Lifestyle

Boss Uses Coffee Test In Every Interview And Won't Employ Those Who Fail

Job interviews can be nerve-wracking. Despite preparing thoroughly and anticipating potential questions, unexpected ones can arise. To help you excel in your next interview and secure your desired job, we're sharing some valuable tips. These are seven insider techniques that employers use during interviews to assess your suitability for the position.

7 Tricks Employers Use To Test You During Job Interviews

It would be great if job interviews were always simple and straightforward, with straightforward questions about your background and what you can bring to the role. However, job interviews are not always so clear-cut. Employers don't only want to know if you are qualified for the position, they also want to know if you will fit well with the team and share similar values. They're not only assessing your skills but also trying to understand your personality.

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Therefore, they often utilize subtle methods to determine this. Many of these techniques go unnoticed. But, we are aware of them and are providing you with the inside information. Keep these in mind when you attend your next interview and you will be able to ace it.

1. The Coffee Trick

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Have you ever been offered a drink during a job interview, such as coffee, tea, juice, soda, or water? While it may seem like a simple act of politeness, there could be another intention behind it. The interviewer may be observing how you handle the cup during and after the interview.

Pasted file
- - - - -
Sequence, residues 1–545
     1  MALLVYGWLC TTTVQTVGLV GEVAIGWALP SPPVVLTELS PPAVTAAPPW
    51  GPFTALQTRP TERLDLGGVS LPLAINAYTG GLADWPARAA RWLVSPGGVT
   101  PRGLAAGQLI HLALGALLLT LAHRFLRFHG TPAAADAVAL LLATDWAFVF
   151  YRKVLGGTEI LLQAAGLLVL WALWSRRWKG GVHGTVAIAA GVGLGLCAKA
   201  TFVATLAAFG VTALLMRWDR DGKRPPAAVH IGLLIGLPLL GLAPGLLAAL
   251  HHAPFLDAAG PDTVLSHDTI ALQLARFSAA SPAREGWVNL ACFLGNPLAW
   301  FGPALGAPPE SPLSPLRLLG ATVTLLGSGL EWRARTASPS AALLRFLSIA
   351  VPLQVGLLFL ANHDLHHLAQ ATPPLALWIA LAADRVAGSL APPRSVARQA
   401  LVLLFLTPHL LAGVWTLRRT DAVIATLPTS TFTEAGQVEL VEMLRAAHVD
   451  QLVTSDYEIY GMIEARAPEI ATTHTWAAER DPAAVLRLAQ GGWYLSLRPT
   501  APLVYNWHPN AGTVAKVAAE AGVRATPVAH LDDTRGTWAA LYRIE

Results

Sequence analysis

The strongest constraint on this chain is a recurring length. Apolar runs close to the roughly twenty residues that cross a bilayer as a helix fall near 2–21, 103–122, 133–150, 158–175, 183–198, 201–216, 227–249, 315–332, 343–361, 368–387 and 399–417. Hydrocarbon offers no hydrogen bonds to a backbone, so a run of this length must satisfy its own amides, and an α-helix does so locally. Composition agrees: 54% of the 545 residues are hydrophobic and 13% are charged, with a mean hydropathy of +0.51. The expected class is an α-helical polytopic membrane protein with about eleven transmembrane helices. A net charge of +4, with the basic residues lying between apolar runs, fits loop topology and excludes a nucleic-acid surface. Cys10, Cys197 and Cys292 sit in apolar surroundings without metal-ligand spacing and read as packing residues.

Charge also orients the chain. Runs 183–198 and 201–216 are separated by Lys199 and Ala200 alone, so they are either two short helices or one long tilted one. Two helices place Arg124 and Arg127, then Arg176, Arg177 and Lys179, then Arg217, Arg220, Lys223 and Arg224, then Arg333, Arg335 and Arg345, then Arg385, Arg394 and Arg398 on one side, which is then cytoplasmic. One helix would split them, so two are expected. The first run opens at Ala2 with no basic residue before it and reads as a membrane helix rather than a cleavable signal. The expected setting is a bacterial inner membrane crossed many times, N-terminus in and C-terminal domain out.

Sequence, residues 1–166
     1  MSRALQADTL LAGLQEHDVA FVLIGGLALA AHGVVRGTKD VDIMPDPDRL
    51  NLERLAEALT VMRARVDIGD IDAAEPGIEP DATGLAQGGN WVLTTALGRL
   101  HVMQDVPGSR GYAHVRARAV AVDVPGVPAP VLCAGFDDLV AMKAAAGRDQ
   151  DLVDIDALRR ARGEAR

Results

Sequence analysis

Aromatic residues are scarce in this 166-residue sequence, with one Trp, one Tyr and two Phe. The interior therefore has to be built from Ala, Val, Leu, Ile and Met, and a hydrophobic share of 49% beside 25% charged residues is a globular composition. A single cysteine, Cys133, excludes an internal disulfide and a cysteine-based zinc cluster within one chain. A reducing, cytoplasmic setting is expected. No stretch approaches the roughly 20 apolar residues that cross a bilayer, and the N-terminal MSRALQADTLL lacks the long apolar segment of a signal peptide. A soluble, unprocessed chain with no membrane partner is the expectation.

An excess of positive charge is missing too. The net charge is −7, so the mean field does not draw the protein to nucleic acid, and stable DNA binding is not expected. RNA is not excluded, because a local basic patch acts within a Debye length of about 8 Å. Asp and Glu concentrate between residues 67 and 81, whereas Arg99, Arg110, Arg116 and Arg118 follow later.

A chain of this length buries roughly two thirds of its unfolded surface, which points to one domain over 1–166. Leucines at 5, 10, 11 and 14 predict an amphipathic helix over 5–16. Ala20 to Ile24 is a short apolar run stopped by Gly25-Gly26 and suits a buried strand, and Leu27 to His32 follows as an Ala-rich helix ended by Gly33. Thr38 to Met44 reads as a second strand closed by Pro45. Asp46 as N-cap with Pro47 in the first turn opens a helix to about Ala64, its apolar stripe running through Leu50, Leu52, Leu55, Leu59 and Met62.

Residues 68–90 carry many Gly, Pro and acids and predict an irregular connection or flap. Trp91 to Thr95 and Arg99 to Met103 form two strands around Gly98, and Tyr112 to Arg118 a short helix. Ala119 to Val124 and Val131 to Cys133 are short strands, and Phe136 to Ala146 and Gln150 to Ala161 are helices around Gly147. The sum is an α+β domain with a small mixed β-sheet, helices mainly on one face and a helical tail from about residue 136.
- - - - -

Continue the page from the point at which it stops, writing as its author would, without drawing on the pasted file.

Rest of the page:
Will you inquire about what to do with the cup after use, or dispose of it without being asked? Will you take it to the kitchen, wash it, and put it away without being prompted? Or, will you leave it for someone else to handle? The Managing Director of Xero Australia, Trent Innes, has discussed how and why he employs this technique. He emphasizes that it's about hiring individuals who share the same values and it starts with small things such as maintaining a clean kitchen.

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"We really want to make sure we have people that have a sense of ownership," he explained. "Culture comes from the ground up."

2. The Waiting Game

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The waiting game, where the interviewer purposely makes you wait longer than your scheduled interview time, is a tactic used in stress interviews. Stress interviews are designed to put candidates in stressful situations to observe their reactions. Employers want to see how you handle stress and how you think and make decisions under pressure.

Employers understand that it's natural for candidates to feel nervous heading into an interview. By keeping you waiting for a prolonged period, for example 10 minutes, 15 minutes, 30 minutes or more, they can test how you react to the situation. This is a controlled scenario in which you have no power over and it is controlled by someone in a superior position. How you react to this situation? Will you be composed and collected when you finally get to the interview stage, or will you be flustered, stressed, or even appear a bit irritated? Your reaction to this situation will reveal a lot about you to the potential employer.

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3. Aggressive Behavior

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This is typically through the use of confrontational questioning, but can also be in the way the interviewer poses the question. For example, the interviewer may speak loudly when asking difficult questions such as.